Wednesday, July 23, 2008

New Typeface for Highway Signs

Clearview is the name of the typeface that is poised to replace Highway Gothic, the standard that has been used on signs across the country for more than a half-century. Looking at a sign in Clearview after reading one in Highway Gothic is like putting on a new pair of reading glasses: the letters seem lighter and there is a noticeable crispness to them.

The Federal Highway Administration granted Clearview interim approval in 2004, meaning that individual states are free to begin using it in all their road signs. More than 20 states have already adopted the typeface, replacing existing signs one by one as old ones wear out. Some places have been quicker to make the switch — much of Route I-80 in western Pennsylvania is marked by signs in Clearview, as are the roads around Dallas-Fort Worth International Airport — but it will very likely take decades for the rest of the country to finish the roadside makeover. It is a slow, almost imperceptible process. But eventually the entire country could be looking at Clearview.

The typeface was developed by Don Meeker, an environmental graphic designer, and James Montalbano, a type designer. They set out to fix the problems with the old highway font, and their solution — more than a decade in development — may, according to the New York Times, end up changing more than just the view out a car window. Less than a generation ago, fonts were for the specialist, an esoteric pursuit, what Stanley Morison, the English typographer who helped create Times New Roman in the 1930s, called “a minor technicality of civilized life.” Now, as the idea of branding has claimed a central role in American life, so, too, has the importance and understanding of type. Fonts are image, and image is modern America.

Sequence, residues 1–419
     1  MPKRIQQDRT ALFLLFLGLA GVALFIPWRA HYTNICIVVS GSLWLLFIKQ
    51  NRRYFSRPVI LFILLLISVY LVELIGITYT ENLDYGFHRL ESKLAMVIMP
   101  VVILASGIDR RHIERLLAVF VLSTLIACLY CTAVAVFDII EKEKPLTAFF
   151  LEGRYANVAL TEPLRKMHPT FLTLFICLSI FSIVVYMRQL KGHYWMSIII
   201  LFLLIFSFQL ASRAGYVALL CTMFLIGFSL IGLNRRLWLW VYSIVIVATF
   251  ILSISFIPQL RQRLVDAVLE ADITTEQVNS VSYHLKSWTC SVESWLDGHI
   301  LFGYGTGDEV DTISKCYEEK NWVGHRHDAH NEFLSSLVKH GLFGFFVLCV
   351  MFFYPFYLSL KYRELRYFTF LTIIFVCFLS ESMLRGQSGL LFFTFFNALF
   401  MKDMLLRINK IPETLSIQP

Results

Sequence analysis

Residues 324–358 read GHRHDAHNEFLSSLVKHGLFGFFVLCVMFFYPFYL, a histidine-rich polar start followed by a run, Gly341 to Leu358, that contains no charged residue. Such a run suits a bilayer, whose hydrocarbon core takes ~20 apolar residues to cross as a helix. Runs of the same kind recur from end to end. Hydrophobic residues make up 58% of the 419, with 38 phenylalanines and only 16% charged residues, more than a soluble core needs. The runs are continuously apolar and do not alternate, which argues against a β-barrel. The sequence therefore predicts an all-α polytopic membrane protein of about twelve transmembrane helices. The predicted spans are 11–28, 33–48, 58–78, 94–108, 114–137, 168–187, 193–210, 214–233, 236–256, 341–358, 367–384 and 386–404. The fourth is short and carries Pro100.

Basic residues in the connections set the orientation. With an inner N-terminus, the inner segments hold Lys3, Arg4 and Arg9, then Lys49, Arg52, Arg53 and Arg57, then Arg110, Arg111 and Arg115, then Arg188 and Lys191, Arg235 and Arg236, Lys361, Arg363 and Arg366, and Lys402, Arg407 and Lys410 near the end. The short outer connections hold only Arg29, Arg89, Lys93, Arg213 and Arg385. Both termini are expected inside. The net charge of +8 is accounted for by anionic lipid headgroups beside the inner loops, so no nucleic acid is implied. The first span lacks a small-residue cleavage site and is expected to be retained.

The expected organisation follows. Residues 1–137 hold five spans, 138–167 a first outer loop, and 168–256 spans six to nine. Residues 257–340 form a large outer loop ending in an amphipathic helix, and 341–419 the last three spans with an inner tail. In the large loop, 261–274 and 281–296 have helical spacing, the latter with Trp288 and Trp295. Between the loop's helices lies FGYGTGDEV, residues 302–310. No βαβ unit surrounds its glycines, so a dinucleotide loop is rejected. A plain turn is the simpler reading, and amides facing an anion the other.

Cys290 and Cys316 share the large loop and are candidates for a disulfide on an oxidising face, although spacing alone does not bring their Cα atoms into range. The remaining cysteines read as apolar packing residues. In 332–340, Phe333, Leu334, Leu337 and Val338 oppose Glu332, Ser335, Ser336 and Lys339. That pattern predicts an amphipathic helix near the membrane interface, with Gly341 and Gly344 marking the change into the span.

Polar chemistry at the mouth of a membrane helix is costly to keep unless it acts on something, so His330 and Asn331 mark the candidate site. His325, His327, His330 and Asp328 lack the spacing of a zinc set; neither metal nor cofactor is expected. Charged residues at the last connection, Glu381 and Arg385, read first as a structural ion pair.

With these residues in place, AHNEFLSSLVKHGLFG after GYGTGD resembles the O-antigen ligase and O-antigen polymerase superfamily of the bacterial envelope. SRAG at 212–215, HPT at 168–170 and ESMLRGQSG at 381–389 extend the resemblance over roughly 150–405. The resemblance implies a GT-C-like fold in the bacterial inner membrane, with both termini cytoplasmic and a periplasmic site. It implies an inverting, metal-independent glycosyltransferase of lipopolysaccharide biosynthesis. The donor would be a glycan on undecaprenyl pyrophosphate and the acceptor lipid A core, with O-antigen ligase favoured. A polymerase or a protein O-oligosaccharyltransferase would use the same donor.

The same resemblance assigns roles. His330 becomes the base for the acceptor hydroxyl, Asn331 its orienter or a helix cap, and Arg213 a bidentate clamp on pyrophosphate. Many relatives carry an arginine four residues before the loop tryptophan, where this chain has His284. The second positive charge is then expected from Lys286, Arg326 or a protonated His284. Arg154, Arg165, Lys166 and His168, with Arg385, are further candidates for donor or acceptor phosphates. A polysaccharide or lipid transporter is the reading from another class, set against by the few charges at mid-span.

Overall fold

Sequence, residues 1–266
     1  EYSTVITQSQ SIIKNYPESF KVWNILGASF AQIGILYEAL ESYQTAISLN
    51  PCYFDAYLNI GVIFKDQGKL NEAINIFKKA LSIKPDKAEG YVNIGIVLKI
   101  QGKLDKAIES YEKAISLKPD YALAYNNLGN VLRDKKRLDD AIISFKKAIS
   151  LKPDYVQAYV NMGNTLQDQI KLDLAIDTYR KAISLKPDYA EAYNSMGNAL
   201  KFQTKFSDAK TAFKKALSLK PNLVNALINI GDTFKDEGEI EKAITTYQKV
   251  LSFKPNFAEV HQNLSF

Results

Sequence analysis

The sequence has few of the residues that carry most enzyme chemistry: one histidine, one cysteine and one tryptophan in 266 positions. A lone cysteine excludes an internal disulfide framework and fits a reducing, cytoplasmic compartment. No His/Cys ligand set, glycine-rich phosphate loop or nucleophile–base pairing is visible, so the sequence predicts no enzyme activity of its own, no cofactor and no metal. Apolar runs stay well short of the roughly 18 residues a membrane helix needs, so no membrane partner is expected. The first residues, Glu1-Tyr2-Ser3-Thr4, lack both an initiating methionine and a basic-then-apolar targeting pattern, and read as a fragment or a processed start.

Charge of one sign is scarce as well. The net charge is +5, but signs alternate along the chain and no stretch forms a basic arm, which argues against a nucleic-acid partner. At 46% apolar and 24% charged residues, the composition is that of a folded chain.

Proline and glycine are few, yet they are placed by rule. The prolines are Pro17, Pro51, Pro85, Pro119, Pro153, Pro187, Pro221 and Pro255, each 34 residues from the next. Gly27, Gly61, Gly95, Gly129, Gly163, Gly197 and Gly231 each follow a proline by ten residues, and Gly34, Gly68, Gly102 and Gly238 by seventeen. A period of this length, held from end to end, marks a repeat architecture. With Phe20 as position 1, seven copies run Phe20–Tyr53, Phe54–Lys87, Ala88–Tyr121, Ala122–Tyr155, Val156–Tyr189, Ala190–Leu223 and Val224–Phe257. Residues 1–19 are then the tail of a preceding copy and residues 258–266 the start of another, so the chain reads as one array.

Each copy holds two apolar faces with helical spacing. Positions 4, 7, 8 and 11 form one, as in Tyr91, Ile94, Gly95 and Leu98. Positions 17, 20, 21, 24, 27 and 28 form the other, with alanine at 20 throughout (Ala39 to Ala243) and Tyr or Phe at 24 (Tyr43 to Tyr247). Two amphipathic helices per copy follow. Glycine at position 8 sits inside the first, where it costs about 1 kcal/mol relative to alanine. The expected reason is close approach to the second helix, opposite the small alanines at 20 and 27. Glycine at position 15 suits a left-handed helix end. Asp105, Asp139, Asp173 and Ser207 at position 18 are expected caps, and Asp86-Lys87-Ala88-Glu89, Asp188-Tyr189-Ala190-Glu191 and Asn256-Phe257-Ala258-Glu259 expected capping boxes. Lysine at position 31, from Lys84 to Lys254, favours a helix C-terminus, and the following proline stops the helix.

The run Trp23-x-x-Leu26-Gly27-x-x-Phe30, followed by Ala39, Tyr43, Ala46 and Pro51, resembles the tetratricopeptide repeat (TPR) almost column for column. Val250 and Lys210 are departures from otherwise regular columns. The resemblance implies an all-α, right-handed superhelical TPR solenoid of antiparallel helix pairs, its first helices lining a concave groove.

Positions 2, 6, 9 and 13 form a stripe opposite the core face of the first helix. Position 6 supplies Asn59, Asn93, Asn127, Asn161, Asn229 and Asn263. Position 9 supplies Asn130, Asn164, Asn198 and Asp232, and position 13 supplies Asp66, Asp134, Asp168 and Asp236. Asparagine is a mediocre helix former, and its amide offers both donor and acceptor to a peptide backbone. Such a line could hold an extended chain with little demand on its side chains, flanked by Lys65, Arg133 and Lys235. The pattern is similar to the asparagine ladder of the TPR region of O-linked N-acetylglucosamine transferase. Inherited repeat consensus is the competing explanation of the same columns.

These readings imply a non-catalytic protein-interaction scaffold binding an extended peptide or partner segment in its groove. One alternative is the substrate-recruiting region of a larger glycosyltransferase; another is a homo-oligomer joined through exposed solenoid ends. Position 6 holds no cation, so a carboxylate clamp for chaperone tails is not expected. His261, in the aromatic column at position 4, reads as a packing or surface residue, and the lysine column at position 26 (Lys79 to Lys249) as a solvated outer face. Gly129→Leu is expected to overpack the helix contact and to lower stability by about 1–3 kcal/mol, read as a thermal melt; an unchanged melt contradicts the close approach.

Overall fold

The trick in highway signage is to design letters so carefully that they appear to be bigger and easier to read even though they are no wider than the original Highway Gothic so the words fit on the same size signs. One way to do this is to increase the "x heighth" (The "X heighth" of a lower case "h" is the same as an "n" because and "n" is an "h" without an "ascender".) Above left is a comparison of the old Highway Gothic (top); a version of the new Clearview that is 4.7% wider (middle); and another version that actually takes up less space than Highway Gothic while still being easier to read.(bottom). A good way to look for the difference is to observe the size of the openings (called "counters") inside letters like "O", upper case "R", and lower case "g", "a", "b", "c", "d", and "e". You can also see how the old Highway Gothic seems to bunch up in letters like "V" and "W".

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